The flow of conversation starts with outside-the-mouth issues and ends with inside-the-mouth treatment recommendations. I label this an outside-in process (Fig. 2). An excellent example of an outside-in process is the purchase of a home. Imagine you and your spouse decide to buy a new house. You go to a real estate agent and, just a few minutes into the conversation, you talk about price range, neighbourhood, schools, proximity to work, financing and down payment. These are all big picture, outside-the-home issues. Once you settled on the broad outside-the-home issues then, and only then, does it make sense to begin discussing the detailed inside-the-home issues, such as room size, carpet and tile selection, lighting, etc. Good estate agents discover what the suitability factors of home buying are (price, down payment, monthly payments, location, etc.) before they get into the inside details. In other words, the flow of conversation is outside-in.
Now imagine you and your spouse go to the estate agent, but this time she is a former dentist and uses the traditional inside-out process she used as a dentist. As soon as you sit down she begins educating you on the inside-the-house issues―the difference between cement slabs versus crawl space foundations and vinyl siding versus brick exteriors. She goes as far to recommend another appointment with her so she can show you how to keep your house clean before you buy one. She does all this before she has any idea of what you can afford and where you want to live. What would you think? You would think about finding another estate agent, would you not?
How many of your complex-care patients, after experiencing your inside-out process, find another dentist for the most likely reason that you spent a bunch of time educating them on inside-the-mouth details before you had any idea what was suitable for them? You educated them right out your door.
An outside-in process works best for complex-care patients. Here patient education is not the driver of case acceptance. This is why: first, patients with complex needs often come into your office with a specific complaint―embarrassment about their appearance, aggravation by their dentures or fear of losing their teeth. They do not need to be educated about their chief complaint. They may not be aware of all their conditions, but it is most likely that they have lived with the complaint that brought them into your office for a long time.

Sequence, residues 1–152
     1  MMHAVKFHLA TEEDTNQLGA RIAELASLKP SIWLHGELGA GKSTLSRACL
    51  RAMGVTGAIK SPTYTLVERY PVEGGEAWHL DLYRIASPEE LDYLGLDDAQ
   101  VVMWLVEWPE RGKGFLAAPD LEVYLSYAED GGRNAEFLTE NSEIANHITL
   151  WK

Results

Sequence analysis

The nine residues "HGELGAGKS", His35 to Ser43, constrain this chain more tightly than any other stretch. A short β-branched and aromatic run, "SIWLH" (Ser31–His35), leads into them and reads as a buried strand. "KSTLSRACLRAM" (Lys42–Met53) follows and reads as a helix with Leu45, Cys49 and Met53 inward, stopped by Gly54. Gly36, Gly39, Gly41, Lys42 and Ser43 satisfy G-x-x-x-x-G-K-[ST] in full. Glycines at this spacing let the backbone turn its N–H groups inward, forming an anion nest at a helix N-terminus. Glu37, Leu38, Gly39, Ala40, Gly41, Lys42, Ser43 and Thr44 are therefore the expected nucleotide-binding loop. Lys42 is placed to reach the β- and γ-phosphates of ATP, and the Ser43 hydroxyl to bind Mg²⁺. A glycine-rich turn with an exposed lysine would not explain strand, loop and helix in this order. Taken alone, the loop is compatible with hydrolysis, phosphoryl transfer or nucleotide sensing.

Next, many complex-care patients have heard the patient education lecture about plaque, pockets and sugar many times before. It’s old news and thus not a subject that distinguishes you. For many patients, patient education efforts bounce off like BB’s fired at icebergs. Expecting to influence them into a US$10,000 treatment plan that does not fit into their budget by showing them how to floss well is naïveté.
Let me be clear at this point: we are going to spend some time on the patient education process with complex-care patients, it is just not one of the first conversations we will have.
The first conversations we will have with complex-care patients are about discovering outside-the-mouth issues—just like the suitability conversation with the estate agent. The outside-the-mouth issues of budget, time, work schedule, health issues are what I call fit issues. These are the issues into which your treatment plan must fit. Become good at discussing fit issues and you will save an incredible amount of time, you will sell much more dentistry and you will no longer blow patients out of the water―and out of your practice.
Fit versus change
The earlier influencers in my dental career emphasised that a significant part of being a good dentist is to get patients to change. Change the way they clean their teeth, change what they eat and change the priorities in their life and put dental health at the top. It took me ten years and thousands of patients to realise that patients change when they are ready, not when I tell them to.
I learned to replace the concept of change with the concept of fit. Instead of telling patients they need to change to accommodate my treatment plan, I learned to accommodate my treatment plan to fit their life situation. Patients, especially the more mature, complex-care patients, have complex fit issues. These include finances, family hassles, work schedules, special current events, travel, stressors, health factors, significant emotional issues; in short, any issues dominating the patient’s energy and attention. When you present complex-care dentistry, it has to fit into the patient’s life.
Think about it. If you offer most patients a US$10,000 treatment plan, something in their life has to happen. People need to wait to receive their tax refund, wait for a child to graduate from college, become more settled in their new job, or take a much-needed vacation. Knowing the manner in which your complex-care treatment plans fit into the current or foreseeable circumstances of your patient’s life is a mandatory skill for practising complex-care dentistry. Without fit, there is no case acceptance, regardless of the level of dental IQ or your zeal for patient education.
Discovering fit issues